His experience in the Far East and Asia left him alert to the danger of what has been dubbed "intellectual apartheid" developing over GM. Any attempts by Western activists to deny poor governments knowledge they feel they desperately need are already doomed, he believes, given the level of interest. "There are about 1,000 Third World biotechnologists working on crop varieties, mostly rice. The debate is going on in the north and we're not hearing the voices coming from the developing world."
One of his strengths is his optimism. While an apocalyptic vision of corporate monoliths rolling relentlessly over ordinary citizens haunt the Greens, Prof Conway believes the biotech industry has proved its responsiveness to criticism. Further movement, he is confident, is on its way.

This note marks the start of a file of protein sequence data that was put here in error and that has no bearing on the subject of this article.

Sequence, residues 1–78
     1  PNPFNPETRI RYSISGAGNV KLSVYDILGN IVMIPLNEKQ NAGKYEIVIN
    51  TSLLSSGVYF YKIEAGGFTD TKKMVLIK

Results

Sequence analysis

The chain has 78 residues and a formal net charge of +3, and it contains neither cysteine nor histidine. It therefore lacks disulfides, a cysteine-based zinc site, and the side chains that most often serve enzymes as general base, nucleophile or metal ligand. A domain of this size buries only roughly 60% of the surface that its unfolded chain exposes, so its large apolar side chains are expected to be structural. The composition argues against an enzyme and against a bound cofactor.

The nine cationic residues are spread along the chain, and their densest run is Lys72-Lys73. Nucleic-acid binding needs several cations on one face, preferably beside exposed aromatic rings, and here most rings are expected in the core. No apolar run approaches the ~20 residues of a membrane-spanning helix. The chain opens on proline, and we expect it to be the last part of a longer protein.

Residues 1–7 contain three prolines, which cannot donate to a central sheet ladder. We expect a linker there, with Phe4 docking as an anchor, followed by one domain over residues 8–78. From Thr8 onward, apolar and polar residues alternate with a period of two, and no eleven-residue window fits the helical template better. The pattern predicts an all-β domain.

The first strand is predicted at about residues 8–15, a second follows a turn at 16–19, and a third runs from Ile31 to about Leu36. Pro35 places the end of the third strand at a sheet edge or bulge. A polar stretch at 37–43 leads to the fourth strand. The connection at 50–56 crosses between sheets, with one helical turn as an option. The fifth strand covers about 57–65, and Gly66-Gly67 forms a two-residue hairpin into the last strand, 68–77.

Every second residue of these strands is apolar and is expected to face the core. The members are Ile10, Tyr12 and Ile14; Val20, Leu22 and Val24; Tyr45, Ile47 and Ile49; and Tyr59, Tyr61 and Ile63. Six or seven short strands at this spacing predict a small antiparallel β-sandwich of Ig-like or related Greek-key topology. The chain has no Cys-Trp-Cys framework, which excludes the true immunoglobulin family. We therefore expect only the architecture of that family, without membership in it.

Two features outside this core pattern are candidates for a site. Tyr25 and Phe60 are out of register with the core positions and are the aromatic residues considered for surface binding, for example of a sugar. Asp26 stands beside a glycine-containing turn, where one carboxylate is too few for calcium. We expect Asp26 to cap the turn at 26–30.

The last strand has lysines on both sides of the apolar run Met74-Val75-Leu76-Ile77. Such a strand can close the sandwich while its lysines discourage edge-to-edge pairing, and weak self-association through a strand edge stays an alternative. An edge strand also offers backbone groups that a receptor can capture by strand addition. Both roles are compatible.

In a bid to combat fears of genetic "contamination", researchers are exploring the possibility of modifying plastids in the plant cell, leaving pollen unchanged. Monsanto's sharing of rice genome data signals a new sensitivity to worries about intellectual ownership. Prof Conway would like to see companies move further down that path, making patents on crops that matter to the developing world widely available. He also sees encouraging signs of a two-tier marketing system, under which biotech companies charge better-off farmers technology fees, while contributing GM seeds for free to subsistence farmers.
"I'm not saying the risks have gone away. I still advocate caution, government-supervised testing and full disclosure. But the biotech companies are changing their game."